Case Reports in Clinical Medicine
Vol.04 No.02(2015), Article ID:53939,2 pages

Hepatic Solitary Fibrous Tumor Presenting as Severe Hypoglycaemia: A Case-Report

Thomas E. Manning1, Anna E. Manning2, Patrick J. Manning1*

1Department of Medicine, Dunedin School of Medicine, Dunedin, New Zealand

2Tauranga Hospital, Tauranga, New Zealand

Email: *

Copyright © 2015 by authors and Scientific Research Publishing Inc.

This work is licensed under the Creative Commons Attribution International License (CC BY).

Received 23 January 2015; accepted 5 February 2015; published 11 February 2015


We report a case of a patient presenting with profound insulin-independent hypoglycaemia. A large hepatic leasion was identified and surgically resected. Histology confirmed a 17.5 cm hepatic solitary fibrous tumour. The clinical and biochemical presentation is consistent with IGF-II mediated hypoglycaemia.


Hepatic Solitary Fibrous Tumour, IGF-II Mediated Hypoglycaemia, Hepatomegaly, Hypoglycaemia

1. Introduction

Hypoglycemia in adults without diabetes is uncommon. Multiple possible etiologies have been described including islet and non-islet cell tumors, medications, alcohol, sepsis, organ failure and cortisol deficiency. Numerous tumor types have been associated with non-islet cell tumor hypoglycemia (NICTH) including tumors of mesenchymalor gastrointestinal origin [1] . Solitary fibrous tumors (SFTs) are rare neoplasms and are usually found in the thorax arising from the pleura. Here we report a case of a SFT of the liver causing NICTH.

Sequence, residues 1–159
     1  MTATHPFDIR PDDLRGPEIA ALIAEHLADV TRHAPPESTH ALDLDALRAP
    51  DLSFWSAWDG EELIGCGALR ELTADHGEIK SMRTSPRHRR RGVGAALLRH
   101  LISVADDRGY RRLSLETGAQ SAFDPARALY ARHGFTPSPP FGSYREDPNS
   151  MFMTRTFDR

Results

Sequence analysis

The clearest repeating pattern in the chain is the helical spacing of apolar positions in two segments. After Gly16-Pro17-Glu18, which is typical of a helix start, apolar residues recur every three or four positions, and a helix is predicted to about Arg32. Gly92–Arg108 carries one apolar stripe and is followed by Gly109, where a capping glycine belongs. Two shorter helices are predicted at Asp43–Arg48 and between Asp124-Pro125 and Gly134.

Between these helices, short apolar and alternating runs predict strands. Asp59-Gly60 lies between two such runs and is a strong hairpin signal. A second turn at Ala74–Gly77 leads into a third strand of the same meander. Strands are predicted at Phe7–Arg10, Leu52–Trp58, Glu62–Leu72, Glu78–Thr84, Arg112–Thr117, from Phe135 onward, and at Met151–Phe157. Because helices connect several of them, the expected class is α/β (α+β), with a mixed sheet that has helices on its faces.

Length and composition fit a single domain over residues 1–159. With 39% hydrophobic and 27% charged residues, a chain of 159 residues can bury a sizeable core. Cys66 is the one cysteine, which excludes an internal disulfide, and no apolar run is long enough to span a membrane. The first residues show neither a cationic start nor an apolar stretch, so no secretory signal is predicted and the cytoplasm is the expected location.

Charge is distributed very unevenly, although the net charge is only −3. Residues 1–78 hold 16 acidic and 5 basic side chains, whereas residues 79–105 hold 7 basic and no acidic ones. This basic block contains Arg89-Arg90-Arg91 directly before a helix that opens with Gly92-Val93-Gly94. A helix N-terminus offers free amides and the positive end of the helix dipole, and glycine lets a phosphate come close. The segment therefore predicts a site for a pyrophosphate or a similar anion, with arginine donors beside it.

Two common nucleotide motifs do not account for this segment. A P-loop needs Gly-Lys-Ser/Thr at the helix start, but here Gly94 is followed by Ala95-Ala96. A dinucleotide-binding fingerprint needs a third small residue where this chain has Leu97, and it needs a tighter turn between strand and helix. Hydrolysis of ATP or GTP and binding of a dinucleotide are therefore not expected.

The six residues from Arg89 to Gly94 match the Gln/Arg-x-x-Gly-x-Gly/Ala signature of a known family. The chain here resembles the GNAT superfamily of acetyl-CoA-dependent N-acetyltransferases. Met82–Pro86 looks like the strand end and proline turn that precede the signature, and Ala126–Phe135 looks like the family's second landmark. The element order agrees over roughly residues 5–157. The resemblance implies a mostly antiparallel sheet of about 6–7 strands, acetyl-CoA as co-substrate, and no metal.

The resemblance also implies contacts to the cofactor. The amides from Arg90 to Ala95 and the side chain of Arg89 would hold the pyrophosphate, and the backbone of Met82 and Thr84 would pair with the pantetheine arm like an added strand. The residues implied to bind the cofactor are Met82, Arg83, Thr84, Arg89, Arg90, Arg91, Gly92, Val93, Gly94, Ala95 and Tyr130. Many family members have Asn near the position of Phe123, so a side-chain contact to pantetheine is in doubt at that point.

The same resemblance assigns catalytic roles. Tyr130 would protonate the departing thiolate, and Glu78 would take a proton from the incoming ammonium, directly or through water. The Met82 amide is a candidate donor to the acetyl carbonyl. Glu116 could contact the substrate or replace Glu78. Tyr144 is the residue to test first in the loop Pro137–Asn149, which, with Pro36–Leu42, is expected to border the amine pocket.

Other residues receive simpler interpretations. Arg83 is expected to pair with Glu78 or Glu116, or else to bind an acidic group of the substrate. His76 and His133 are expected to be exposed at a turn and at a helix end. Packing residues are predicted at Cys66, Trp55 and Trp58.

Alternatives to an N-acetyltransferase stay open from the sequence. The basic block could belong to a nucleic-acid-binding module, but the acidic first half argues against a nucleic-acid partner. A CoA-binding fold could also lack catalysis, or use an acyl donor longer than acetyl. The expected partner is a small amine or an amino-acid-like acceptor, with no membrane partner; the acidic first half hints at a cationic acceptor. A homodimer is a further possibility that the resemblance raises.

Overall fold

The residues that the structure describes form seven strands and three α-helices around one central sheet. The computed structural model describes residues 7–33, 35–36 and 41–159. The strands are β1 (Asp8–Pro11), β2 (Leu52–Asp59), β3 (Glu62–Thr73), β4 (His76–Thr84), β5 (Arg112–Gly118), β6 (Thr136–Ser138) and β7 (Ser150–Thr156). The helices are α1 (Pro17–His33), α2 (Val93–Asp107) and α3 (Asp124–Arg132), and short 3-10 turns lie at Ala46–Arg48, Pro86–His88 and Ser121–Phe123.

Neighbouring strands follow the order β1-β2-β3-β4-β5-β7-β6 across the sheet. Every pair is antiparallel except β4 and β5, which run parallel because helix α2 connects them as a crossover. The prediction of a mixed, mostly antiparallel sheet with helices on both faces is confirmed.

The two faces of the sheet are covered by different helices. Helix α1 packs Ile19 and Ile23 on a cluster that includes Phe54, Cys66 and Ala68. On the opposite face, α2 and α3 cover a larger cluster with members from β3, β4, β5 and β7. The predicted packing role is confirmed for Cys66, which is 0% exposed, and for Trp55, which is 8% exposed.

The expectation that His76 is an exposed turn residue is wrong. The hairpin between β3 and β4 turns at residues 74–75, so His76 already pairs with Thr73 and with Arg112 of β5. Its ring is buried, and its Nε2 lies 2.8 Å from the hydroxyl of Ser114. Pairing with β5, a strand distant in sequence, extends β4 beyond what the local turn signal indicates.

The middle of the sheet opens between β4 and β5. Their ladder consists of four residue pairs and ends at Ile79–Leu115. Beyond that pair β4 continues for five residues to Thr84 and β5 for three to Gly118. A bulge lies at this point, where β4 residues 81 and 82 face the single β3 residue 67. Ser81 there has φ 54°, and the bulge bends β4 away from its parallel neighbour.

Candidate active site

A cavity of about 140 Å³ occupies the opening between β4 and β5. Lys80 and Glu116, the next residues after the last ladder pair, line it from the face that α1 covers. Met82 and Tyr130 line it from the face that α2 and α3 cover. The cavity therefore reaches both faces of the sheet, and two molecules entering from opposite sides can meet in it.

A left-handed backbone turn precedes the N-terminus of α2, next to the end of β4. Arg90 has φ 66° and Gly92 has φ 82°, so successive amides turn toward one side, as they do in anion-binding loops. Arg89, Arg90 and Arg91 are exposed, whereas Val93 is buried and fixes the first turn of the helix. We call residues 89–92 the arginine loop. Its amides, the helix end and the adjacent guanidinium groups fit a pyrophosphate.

2. Case Description

A 45-year-old male presented with recurrent episodes of mild confusion, sweating and tremor for 2 weeks, all of which were relieved by eating. On the day of admission he was found by his wife significantly confused and medical attention was sought. A neurological disorder was initially considered the most likely explanation for his presentation, however a capillary blood glucose concentration showed hypoglycemia and treatment with oral glucose promptly improved his symptoms. The patient was subsequently admitted to hospital for further investigation for hypoglycemia. He did not have diabetes nor access to hypoglycemic medications. His weight was 88 kg and blood pressure 130/60 mmHg. Routine clinical examination was unremarkable apart from evidence of hepatomegaly. A mental status and full neurological examinations were normal. Liver function tests, tumor markers and hepatitis serology were normal. A 72-hour fast was commenced and the patient became symptomatically hypoglycemic after 6 hours of fasting. His biochemical results at this time are shown in Table 1.